Most companies looking at Social Media and Web 2.0 see it as a media channel to broadcast their messages into. This includes most Governments and Associations. This is the wrong reason to do it and the wrong strategy.
If your company is looking at engaging in the social channels, but simply wants to tell the gathered audience about their brands, messages, products and services, here’s the one best piece of advice to make that happen: advertise on those channels.
You can do either mass advertising or you can target ads specifically to the types of people who might be more inclined to act on your messages. Companies like Facebook and Google offer these types of targeting. The common attitude is, "let’s post our videos on YouTube," or "everyone’s on Twitter, we should be on Twitter too," and what comes after is a closed, one-way broadcasting channel that does not engender the shared values of these social systems, including: commenting, being open to differing opinions, responding and – most importantly – making changes based on the feedback and conversation that is taking place.
This is the primary reason why most companies have epic fails on these channels: they’re broadcasting not engaging, responding and adapting.
Don’t ask for people’s opinions or be in channels where that back and forth takes place and not do anything about it. It’s insulting and it’s a huge waste of both your time and the people who have connected to you.
A lot of companies talk about "opening up" or "letting the information free" but what it boils down to is a couple of inches more liberal than their traditional marketing and communications. Have you seen some of the topics of conversation listed at recent Government, Association, Marketing and Public Relations seminars? They hint at how open the topic will be, but the subtle undertones of the conference description and the speakers asked to present stink of, "how can your company understand what people are saying and how your company can control the chaos and broadcast into it."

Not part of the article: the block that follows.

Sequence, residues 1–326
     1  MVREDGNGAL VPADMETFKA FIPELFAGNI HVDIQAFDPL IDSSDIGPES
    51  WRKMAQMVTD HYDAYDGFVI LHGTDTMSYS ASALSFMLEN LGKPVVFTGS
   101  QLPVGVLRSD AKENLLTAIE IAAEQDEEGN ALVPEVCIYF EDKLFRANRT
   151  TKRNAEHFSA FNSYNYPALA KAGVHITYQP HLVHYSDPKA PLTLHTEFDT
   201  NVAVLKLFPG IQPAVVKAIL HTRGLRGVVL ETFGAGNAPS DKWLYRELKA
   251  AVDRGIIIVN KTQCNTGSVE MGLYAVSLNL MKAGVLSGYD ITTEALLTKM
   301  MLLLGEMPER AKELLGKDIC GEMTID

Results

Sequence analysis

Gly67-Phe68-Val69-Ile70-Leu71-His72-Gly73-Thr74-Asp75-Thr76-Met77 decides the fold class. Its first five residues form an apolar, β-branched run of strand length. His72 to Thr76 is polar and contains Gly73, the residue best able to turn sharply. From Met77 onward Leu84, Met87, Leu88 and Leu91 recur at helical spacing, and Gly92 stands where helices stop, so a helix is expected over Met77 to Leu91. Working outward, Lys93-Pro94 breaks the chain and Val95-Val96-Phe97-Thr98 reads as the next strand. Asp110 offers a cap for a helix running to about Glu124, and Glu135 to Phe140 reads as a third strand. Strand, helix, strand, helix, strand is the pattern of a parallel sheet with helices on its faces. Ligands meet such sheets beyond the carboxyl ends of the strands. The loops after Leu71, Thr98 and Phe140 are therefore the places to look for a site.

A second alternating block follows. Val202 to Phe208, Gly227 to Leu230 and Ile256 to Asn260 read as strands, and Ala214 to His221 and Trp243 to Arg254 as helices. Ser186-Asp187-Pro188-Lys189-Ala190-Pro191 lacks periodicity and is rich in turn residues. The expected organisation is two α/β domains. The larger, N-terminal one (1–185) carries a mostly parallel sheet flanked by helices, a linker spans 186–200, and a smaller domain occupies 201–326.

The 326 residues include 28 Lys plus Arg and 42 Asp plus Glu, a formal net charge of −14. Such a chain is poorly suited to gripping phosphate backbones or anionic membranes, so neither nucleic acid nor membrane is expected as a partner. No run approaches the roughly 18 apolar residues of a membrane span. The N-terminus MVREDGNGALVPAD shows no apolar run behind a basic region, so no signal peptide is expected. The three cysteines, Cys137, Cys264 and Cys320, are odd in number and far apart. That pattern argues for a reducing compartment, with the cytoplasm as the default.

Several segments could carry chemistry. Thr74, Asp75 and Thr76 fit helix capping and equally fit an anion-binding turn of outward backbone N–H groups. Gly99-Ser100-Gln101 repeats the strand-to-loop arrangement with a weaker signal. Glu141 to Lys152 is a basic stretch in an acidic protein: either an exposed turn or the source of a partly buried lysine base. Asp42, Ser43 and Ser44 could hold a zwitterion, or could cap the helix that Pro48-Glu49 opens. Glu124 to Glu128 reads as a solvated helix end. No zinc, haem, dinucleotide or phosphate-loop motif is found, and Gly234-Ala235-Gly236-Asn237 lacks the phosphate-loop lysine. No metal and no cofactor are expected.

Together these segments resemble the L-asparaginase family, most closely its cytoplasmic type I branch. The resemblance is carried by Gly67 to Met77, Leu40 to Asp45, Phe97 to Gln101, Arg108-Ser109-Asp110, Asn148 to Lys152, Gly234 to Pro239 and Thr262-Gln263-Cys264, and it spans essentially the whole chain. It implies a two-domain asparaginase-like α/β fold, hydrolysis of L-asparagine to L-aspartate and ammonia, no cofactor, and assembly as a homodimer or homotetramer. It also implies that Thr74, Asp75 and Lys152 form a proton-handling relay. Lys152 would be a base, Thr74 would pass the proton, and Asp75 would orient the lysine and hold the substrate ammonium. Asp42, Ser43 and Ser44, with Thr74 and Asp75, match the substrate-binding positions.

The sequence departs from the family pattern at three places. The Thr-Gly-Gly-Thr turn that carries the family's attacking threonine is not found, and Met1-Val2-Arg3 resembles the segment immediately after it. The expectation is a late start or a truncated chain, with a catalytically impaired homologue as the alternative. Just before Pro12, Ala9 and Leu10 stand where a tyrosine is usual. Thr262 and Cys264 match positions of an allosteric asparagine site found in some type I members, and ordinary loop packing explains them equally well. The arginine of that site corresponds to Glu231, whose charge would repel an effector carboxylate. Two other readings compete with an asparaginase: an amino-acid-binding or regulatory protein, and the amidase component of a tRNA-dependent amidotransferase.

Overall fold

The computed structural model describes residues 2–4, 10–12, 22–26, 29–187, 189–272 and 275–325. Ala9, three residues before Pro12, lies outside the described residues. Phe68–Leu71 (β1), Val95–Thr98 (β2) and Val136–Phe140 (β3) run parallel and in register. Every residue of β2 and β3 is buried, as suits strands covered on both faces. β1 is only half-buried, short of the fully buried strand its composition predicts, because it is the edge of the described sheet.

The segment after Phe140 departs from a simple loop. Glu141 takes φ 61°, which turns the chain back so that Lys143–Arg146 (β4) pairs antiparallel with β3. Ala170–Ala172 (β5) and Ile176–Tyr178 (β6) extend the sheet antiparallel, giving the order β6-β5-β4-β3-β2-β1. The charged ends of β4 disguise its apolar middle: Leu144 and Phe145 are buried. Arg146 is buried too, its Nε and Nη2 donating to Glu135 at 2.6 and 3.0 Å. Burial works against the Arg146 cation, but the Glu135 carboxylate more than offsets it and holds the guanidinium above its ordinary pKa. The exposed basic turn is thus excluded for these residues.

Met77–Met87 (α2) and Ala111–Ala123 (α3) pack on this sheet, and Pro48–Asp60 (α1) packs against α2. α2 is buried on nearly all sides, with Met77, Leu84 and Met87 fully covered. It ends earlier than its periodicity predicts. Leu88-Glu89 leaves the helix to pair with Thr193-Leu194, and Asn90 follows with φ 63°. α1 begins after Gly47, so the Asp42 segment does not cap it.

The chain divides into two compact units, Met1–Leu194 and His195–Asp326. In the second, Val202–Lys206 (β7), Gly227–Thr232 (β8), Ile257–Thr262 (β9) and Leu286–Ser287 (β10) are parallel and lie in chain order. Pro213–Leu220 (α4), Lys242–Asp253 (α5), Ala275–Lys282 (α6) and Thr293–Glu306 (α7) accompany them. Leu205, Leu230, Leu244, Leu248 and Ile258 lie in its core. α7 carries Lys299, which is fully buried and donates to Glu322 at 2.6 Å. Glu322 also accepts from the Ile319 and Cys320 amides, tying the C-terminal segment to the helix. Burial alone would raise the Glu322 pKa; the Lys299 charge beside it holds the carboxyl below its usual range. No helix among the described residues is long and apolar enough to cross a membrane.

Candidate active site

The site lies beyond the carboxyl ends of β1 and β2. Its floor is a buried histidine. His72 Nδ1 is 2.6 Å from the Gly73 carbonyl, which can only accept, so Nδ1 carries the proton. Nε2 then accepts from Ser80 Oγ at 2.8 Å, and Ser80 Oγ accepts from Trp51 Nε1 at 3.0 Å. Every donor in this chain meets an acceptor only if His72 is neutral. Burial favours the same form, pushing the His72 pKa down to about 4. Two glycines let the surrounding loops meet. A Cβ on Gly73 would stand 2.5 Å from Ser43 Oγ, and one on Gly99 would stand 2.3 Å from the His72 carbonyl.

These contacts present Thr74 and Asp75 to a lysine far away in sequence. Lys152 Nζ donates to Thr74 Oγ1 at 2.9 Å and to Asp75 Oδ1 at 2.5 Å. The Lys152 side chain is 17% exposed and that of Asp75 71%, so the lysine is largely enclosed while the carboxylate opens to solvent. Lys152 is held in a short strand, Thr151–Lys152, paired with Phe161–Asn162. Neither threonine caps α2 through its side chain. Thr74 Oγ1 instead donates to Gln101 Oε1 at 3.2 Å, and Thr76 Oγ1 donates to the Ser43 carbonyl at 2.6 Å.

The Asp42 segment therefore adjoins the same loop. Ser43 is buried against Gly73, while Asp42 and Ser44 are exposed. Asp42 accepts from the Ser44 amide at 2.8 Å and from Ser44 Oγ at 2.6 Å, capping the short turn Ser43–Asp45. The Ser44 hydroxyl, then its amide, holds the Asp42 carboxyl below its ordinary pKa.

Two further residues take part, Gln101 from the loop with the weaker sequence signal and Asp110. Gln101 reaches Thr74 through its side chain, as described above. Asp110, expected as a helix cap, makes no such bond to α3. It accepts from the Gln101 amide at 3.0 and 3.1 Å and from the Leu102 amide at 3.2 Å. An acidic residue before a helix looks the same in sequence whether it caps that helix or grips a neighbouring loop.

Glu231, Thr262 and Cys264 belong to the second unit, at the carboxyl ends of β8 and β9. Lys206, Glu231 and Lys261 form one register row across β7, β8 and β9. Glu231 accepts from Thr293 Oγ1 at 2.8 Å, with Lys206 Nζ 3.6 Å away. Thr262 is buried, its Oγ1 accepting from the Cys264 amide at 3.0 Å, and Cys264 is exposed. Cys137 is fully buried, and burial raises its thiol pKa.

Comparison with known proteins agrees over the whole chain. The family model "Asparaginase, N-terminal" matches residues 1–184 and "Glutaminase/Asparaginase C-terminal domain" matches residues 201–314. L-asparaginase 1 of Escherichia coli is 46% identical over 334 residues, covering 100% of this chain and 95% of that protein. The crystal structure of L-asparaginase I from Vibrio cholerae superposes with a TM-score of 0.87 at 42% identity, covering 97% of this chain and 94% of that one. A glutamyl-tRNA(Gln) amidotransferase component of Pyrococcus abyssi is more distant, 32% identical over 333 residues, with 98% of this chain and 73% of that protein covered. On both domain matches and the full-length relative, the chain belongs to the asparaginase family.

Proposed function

It’s the wrong way to be looking at things.
Here are the bigger questions your organization needs to be asking before entering these channels:
– Are we willing to not just listen, but to respond and adapt based on the back and forth?
– Are we willing to become active participants – not just in our channels but in the other channels and spaces as well?
– Are we willing to change the focus from being on our company to being about everybody – us, them and the entire community?
– Are we willing to be participants with just as much fervour and passion when it’s not good for us, but good for the community or the industry as a whole?
– Are we willing to be open?
– Are we willing to be really, really open and transparent?
Individuals have an obvious and very real reason to be skeptical of brands and companies in the social media sphere. The majority of companies have done a very poor job of changing that perspective because – for the most part – they are simply using these tools to broadcast their messages in a uni-directional fashion. Most companies see these channels as another mass media tool (after all, they are going where the masses are), this forces them to look at the wrong metrics (still), like how many people are seeing their message and what are they doing? Versus, who is seeing their messages, what are they feedbacking and how quickly can the company change their business to adapt and grow?
What do you think companies must do to shift their thinking and really open up?